“Sure! We’ll Finish the Job. Victory Liberty Loan.”

As part of the ongoing exhibit of posters in Special Collections for Veterans Day, the students who created the exhibits also created entries for this blog. We will be posting these over the rest of the month of November.

Sure!  We'll Finish the Job

1992.004.5.76 “Sure! We’ll Finish the Job. Victory Liberty Loan.” Edwards & Deutsch Litho. Co., Chicago. Gerrit A. Beneker, artist. 1918. Poster produced in America, 96.2 x 66.2 cm

The 1918 World War I Poster, “Sure! We’ll Finish the Job, by Gerrit A. Beneker is a perfect description of how the United States Treasury wanted the United States’ citizens to react to the Victory Liberty Loan. The Victory Liberty loan was the fifth and final war bond put into action for the relief of World War I. When the Victory Liberty Loan first opened, the war had actually been over for five months; nonetheless, United States infantrymen remained overseas and depended on continued support from the country until it was safe to return home. This specific poster accurately illustrates the response that the United States Treasury was looking for in the people at home because it is telling them what they need to do to finally bring their boys home. This is characterized in Beneker’s poster by featuring a working man proudly digging into his pocket to give his money for yet another Liberty Loan. He dons four pins on his overalls that he received from the previous Liberty Loans he purchased and there is no question that he will be receiving another one. The headline that reads, “Sure! We’ll Finish the Job,” is supposed to be the words of the people and to encourage them to buy the bond that will literally finish the war and their contribution to it. This poster appeals to a very large group of people in the United States. Because the man is dressed in plain overalls and a work shirt that is not associated with anything specific, it appeals and is directed to the working class, farmers, and anyone who does physical labor that might identify with this character. It also gives the impression to the upper class and people of superior status that if this working man can give his money, then you certainly can too.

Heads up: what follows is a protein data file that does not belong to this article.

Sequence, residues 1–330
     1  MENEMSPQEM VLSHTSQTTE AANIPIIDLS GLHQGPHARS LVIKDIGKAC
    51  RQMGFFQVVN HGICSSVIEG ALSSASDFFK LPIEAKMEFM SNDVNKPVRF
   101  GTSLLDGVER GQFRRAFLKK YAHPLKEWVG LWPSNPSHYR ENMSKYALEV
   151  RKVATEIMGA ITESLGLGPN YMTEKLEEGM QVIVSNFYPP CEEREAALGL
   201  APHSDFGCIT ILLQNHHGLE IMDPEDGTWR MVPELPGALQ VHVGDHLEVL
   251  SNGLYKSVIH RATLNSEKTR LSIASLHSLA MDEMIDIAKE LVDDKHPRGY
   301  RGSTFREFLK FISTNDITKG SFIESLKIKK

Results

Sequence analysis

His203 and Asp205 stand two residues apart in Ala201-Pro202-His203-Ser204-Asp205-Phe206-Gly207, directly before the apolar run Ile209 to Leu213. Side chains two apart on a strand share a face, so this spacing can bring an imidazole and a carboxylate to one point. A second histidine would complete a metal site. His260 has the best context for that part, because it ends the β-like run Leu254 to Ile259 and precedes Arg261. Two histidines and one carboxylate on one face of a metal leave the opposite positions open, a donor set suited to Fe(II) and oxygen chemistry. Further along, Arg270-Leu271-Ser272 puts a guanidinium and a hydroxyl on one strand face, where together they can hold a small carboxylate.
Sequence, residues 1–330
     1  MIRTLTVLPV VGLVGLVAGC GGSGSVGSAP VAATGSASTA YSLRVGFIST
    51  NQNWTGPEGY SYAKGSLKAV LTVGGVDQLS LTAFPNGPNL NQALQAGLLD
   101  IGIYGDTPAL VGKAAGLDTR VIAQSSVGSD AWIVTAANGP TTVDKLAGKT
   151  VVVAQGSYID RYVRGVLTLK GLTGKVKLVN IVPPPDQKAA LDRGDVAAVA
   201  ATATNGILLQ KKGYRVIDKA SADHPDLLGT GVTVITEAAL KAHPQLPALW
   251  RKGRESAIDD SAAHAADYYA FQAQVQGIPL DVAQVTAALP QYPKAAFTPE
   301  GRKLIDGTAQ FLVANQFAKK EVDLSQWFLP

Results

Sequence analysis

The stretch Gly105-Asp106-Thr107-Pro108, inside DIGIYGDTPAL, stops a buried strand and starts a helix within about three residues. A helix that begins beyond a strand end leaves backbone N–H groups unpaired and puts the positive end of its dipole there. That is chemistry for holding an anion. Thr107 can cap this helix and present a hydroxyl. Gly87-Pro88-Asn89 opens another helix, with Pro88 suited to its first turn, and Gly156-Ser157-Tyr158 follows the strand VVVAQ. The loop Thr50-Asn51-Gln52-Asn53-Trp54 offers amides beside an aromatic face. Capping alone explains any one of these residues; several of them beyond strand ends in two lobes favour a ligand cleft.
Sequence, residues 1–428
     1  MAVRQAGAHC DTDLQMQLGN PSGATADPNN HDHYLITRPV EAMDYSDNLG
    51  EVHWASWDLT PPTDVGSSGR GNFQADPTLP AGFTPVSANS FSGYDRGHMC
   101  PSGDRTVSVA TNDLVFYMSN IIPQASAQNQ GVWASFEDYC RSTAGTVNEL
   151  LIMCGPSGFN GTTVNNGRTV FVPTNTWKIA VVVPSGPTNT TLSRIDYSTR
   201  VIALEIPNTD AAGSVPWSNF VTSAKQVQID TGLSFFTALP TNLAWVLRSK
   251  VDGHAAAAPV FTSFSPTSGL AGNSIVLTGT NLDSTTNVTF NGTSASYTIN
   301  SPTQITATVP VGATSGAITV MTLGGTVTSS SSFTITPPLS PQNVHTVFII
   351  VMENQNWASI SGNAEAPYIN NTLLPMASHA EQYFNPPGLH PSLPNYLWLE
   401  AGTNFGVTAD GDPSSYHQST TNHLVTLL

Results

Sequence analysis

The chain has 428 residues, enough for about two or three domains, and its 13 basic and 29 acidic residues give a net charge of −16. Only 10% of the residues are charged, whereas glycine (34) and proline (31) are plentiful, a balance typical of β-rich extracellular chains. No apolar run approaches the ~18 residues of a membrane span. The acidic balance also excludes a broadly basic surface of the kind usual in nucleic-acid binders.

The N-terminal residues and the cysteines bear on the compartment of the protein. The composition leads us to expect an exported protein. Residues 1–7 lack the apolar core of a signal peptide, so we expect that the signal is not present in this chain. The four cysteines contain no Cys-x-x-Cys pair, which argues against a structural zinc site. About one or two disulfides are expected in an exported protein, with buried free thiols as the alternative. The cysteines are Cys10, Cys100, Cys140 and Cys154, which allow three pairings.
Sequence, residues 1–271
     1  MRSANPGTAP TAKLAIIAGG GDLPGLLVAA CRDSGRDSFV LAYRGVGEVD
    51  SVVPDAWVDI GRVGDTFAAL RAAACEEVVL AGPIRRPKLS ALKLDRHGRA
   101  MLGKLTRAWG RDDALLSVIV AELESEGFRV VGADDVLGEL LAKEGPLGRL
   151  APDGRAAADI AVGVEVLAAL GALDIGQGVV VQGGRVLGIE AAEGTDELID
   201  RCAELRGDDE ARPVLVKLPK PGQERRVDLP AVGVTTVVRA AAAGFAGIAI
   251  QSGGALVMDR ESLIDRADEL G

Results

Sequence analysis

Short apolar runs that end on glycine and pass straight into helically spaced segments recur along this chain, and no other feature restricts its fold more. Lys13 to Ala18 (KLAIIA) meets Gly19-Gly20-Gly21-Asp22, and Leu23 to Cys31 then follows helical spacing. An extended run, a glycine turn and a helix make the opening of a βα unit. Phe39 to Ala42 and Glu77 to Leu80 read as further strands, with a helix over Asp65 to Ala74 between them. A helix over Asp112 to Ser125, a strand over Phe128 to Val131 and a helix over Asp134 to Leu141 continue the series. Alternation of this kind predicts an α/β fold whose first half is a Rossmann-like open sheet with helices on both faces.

The painterly aesthetic and feel of this lithograph poster gives a soft and approachable impression. The color palette is also very all-American with its reds and blues giving a nostalgic and familiar feel to the audience, allowing for an easy connection to the war and Victory Liberty Loans. A work related to this poster would be one by LeRoy Baldridge, “To the Folks Back Home,” ca 1919. This poster is very different in aesthetic style, with its pen and ink drawing of a soldier, wash finish, and hand written text, but its text and message correlates directly. The poster reads, “To the folks back home; We are finishing our job. Are you finishing yours? Private A.E.F, On the Rhine.” Then at the bottom of the poster another line reads, “Victory Liberty Loans.” This poster has the same intentions and audience as Beneker’s, but a different approach. Instead of having the familiar ‘friend’ who is in the same position as you telling you to buy a Liberty Loan, this is coming from the soldiers who needs your help and is putting in their own effort, so you should put in yours.